The “Three Amigos” Doctrine on Libya

Just when you thought the 2008 election was over, the “three amigos” from the losing side of the campaign–Sens. John McCain (R-AZ), Lindsay Graham (R-SC), and Joe Lieberman (I-CT) have reappeared, this time astride the issue of assistance to the Libyan resistance. McCain, who got most of the publicity in 2008 as the GOP standard bearer, was out front this time as well, trooping through the streets of Banghazi, the informal capital of the rebellion,to the cheers and waving U.S. flags by the grateful population.

The message that the three friends and allies articulated was straightforward: the United States should do more to help the anti-Gadhafi forces overthrow the government and establish a new, anti-Gadhafi regime. All three stopped short of, and even renounced, the insertion of American ground forces into the fray, but they also clearly indicated that they believed the United States should assert itself decisively in the cause to overthrow the Gadhafi regime after 42 years in power.

Is this good advice? Do the three senators really have a valid point, and is it the kind of expression of US foreign policy that could guide future actions? Neither question is easy to answer, but one when tries, the wisdom of the suggestion becomes less and less obvious.

At one level, the MGL (McCain-Graham-Lieberman) advocacy is nothing more than the update of the Nixon Doctrine, which was basically an explanation of how and why the United States would treat communist attempts to break out of the containment line in the wake of the American withdrawal from Vietnam. In essence, it said the United States supported countries resisting communism and would come to their aid with things like material support and training, but that the insertion of American forces was off the table unless overwhelming American interests were involved (e.g. an action in Western Europe). We would, in other words, send money and equipment and even train indigenous personnel how to use it, but no American blood. The MGL formulation is similar, if one substitutes anti-dictatorial for anti-communist in the equation and adds the US Air Force (at least remotely controlled drones) to the list of tools the US might send to help the rebels. But is this such a good idea?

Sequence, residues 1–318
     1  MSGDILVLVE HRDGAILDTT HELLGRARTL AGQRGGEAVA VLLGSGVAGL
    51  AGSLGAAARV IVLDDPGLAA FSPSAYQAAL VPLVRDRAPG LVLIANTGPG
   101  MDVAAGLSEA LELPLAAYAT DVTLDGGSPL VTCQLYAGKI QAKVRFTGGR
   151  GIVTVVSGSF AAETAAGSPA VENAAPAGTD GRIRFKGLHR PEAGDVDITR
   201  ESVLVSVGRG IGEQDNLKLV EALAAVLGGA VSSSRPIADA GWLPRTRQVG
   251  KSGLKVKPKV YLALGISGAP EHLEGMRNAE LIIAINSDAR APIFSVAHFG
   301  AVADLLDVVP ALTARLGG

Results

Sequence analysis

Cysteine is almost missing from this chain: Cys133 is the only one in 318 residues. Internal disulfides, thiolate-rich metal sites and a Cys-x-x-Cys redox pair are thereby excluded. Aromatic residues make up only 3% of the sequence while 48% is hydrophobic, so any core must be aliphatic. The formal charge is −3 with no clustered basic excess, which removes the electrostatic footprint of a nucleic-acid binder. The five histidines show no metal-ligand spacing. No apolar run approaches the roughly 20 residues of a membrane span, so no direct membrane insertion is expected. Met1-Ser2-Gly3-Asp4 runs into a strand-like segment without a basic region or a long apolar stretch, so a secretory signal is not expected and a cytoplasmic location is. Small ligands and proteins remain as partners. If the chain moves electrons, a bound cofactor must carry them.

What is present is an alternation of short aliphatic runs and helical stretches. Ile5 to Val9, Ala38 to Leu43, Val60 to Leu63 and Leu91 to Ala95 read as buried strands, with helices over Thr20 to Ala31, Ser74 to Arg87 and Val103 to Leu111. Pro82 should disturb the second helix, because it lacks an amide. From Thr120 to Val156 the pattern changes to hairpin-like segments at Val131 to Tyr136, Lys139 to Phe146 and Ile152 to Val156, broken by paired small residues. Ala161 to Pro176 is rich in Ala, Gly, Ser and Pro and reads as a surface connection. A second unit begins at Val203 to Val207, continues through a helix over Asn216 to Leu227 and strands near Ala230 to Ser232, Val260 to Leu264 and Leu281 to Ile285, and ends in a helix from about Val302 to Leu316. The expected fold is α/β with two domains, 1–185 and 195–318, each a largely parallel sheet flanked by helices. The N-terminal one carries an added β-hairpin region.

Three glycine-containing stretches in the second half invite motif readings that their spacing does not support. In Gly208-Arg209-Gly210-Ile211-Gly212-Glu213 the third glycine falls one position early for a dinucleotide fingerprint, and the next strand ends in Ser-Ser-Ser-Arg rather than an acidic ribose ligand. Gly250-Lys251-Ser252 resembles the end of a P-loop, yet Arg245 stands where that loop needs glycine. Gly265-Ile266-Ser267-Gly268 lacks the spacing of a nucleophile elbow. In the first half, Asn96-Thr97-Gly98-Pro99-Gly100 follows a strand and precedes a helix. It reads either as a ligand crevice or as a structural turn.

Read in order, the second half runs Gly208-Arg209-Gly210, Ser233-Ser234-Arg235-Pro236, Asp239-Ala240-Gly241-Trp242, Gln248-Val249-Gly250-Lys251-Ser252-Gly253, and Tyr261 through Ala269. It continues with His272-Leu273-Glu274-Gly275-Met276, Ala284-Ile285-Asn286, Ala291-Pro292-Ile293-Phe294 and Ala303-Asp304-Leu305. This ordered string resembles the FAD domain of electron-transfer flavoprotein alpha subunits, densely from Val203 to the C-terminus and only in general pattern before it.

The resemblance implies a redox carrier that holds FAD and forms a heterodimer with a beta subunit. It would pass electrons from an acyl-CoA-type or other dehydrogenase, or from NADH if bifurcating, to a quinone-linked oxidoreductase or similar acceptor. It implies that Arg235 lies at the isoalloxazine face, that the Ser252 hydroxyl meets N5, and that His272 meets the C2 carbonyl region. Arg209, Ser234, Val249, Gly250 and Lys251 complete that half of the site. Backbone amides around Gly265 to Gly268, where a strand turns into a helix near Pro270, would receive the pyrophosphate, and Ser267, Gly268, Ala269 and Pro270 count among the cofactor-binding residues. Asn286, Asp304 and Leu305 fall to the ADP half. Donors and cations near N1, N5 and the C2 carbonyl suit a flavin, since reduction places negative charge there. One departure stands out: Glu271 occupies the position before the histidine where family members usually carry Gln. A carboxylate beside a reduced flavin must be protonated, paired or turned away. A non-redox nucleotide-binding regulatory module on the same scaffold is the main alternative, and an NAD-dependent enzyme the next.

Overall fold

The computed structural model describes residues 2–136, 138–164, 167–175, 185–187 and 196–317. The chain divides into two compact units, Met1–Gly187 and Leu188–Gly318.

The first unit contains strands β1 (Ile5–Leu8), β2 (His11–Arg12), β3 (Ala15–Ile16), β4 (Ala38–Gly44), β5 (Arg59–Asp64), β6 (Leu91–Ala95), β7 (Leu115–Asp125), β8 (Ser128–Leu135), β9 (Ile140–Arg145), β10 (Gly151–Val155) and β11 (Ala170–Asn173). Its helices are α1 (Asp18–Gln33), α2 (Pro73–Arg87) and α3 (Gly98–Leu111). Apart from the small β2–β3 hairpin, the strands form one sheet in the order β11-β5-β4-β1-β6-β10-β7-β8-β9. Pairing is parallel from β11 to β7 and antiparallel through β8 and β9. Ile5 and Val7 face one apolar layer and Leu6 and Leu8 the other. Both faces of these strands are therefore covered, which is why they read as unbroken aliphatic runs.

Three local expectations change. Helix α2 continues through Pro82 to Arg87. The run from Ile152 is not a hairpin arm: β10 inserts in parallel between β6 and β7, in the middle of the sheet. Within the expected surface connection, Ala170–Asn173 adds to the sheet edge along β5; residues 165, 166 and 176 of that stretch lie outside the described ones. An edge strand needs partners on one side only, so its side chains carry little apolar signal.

There is, of course, no shortage of anti-democratic thug regimes in the world, some of whom the United States has traditionally nurtured and supported and, in some instances, continues to help prop up (which may be part of the problem the MGL “solution” seeks to address). How does the United States choose among those it will help and those it will not? The existence of vital American interests that are damaged by the anti-democrats winning/retaining power would be such a criterion, but unequivocally vital US interests are hardly ever involved in these situations. Are they in Libya, whose major contribution to the world is sweet il necessary for Europe but not the US? Is it the openly friendly, pro-democratic (and hence praiseworthy) nature of the insurgents? Who exactly are the Libyan rebels? What do they want? Do they really like us? Nobody, including the MGL team, seems to hasve ready answers to these questions.

What seems more likely, and is certainly hinted at in interviews by the MGL team, is that these actions are necessary to relieve and reverse the inhumane actions of the Libyan government toward its people, a fate that has been made abundantly clear by official and samizdat reportage on the government’s use of force to crush the rebellion. The evidence is pretty clear that the Libyan government is using brutal force to crush its opponents, and seems ready to exact retribution against those who rose against it. Is this a good reason for the United States to involve itself in a decisive way that will obviate that result? Maybe, but….